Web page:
A Swiss court has upheld a ruling obligating the Israeli government in payment of $1.2 billion to Iran for oil sold to Israel before the fall of the Shah in 1979.
Monday’s announcement by the court in Lausanne added that Israel had to pay $208,000 for legal fees, after the court rejected an Israeli challenge on the fees.
The court said that since the suspension of sanctions against Iran, there would be no legal barrier to transfer of payment to Tehran.
In May, when the original ruling was issued, the Finance Ministry said it would refuse to send any money to Iran, on the grounds that “under the laws of trade, we cannot transfer funds to an enemy country.”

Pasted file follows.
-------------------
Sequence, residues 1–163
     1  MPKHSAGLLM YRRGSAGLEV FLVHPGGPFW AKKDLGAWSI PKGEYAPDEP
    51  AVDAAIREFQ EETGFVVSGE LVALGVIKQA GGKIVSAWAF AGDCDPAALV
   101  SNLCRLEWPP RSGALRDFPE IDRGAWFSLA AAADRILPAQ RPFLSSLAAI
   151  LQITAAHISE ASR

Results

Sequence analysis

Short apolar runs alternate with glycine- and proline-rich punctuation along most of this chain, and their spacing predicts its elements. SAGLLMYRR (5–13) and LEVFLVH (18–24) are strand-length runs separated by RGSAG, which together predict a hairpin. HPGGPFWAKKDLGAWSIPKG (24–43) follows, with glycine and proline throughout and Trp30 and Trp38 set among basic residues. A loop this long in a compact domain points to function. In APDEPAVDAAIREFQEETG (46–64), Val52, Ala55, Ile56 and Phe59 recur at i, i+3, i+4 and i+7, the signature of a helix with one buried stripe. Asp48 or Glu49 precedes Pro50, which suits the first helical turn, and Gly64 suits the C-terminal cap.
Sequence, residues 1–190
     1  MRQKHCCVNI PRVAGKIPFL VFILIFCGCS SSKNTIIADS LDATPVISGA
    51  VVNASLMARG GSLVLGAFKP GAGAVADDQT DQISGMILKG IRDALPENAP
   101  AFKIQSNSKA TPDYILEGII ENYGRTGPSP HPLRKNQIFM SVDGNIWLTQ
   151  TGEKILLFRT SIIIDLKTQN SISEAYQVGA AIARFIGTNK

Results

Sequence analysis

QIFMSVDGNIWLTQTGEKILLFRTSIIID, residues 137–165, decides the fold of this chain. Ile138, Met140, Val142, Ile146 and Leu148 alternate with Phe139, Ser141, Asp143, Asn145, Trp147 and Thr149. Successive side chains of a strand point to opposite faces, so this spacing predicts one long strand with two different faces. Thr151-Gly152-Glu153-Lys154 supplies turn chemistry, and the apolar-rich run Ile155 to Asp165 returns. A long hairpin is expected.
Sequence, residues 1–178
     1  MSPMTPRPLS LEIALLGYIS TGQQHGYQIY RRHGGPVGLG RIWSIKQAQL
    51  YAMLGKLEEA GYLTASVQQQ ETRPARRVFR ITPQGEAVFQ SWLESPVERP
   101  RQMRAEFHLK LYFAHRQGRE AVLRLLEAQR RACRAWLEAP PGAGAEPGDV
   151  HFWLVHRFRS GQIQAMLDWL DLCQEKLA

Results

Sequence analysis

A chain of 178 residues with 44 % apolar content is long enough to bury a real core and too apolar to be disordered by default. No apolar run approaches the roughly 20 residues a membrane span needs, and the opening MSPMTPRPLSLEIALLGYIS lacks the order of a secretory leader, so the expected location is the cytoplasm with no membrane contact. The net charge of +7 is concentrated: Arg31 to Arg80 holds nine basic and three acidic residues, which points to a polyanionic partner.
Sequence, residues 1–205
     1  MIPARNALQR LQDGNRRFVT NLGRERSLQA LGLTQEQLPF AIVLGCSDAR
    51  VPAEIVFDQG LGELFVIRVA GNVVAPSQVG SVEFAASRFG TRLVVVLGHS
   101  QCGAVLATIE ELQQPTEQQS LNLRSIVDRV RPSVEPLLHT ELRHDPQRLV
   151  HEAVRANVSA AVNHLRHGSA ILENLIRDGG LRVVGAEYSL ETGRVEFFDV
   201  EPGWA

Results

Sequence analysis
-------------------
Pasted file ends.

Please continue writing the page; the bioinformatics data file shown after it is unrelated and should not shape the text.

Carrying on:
Prior to the revolution and establishment of the Islamic republic in 1979, Iran supplied much of Israel’s oil, but did so secretly to avoid creating tension with Arab countries.
The Iranian oil was shipped to Eilat where it was sent via a small pipeline to the port city of Ashkelon. The arrangement ended with the deposition of the Shah and the new Islamic regime permanently halted oil exports to Israel.
In 1994, Iran sought international arbitration to obtain payment for the oil, hence the proceedings in Switzerland.